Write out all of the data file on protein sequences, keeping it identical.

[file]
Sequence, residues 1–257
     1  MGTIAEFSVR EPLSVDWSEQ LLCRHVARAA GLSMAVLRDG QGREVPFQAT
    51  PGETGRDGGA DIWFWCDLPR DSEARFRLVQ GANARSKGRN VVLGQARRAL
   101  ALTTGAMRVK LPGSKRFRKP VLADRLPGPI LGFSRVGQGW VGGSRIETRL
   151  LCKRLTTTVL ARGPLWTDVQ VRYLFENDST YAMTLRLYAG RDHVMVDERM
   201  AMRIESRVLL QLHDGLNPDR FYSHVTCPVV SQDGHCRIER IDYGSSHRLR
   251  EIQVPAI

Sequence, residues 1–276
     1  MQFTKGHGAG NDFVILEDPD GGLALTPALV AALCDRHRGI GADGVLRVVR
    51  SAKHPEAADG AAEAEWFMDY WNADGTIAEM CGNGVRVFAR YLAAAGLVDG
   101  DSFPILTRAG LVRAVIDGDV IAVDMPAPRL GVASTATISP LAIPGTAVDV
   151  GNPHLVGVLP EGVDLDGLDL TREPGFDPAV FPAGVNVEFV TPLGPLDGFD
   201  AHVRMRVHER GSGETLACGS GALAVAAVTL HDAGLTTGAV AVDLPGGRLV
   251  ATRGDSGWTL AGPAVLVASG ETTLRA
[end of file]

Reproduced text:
Sequence, residues 1–257
     1  MGTIAEFSVR EPLSVDWSEQ LLCRHVARAA GLSMAVLRDG QGREVPFQAT
    51  PGETGRDGGA DIWFWCDLPR DSEARFRLVQ GANARSKGRN VVLGQARRAL
   101  ALTTGAMRVK LPGSKRFRKP VLADRLPGPI LGFSRVGQGW VGGSRIETRL
   151  LCKRLTTTVL ARGPLWTDVQ VRYLFENDST YAMTLRLYAG RDHVMVDERM
   201  AMRIESRVLL QLHDGLNPDR FYSHVTCPVV SQDGHCRIER IDYGSSHRLR
   251  EIQVPAI

Sequence, residues 1–276
     1  MQFTKGHGAG NDFVILEDPD GGLALTPALV AALCDRHRGI GADGVLRVVR
    51  SAKHPEAADG AAEAEWFMDY WNADGTIAEM CGNGVRVFAR YLAAAGLVDG
   101  DSFPILTRAG LVRAVIDGDV IAVDMPAPRL GVASTATISP LAIPGTAVDV
   151  GNPHLVGVLP EGVDLDGLDL TREPGFDPAV FPAGVNVEFV TPLGPLDGFD
   201  AHVRMRVHER GSGETLACGS GALAVAAVTL HDAGLTTGAV AVDLPGGRLV
   251  ATRGDSGWTL AGPAVLVASG ETTLRA